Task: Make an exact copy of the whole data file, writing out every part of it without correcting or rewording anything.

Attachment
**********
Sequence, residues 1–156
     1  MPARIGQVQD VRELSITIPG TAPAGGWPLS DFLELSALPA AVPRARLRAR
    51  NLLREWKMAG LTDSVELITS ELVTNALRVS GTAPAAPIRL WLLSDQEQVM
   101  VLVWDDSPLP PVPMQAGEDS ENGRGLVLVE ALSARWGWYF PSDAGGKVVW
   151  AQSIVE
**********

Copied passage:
Sequence, residues 1–156
     1  MPARIGQVQD VRELSITIPG TAPAGGWPLS DFLELSALPA AVPRARLRAR
    51  NLLREWKMAG LTDSVELITS ELVTNALRVS GTAPAAPIRL WLLSDQEQVM
   101  VLVWDDSPLP PVPMQAGEDS ENGRGLVLVE ALSARWGWYF PSDAGGKVVW
   151  AQSIVE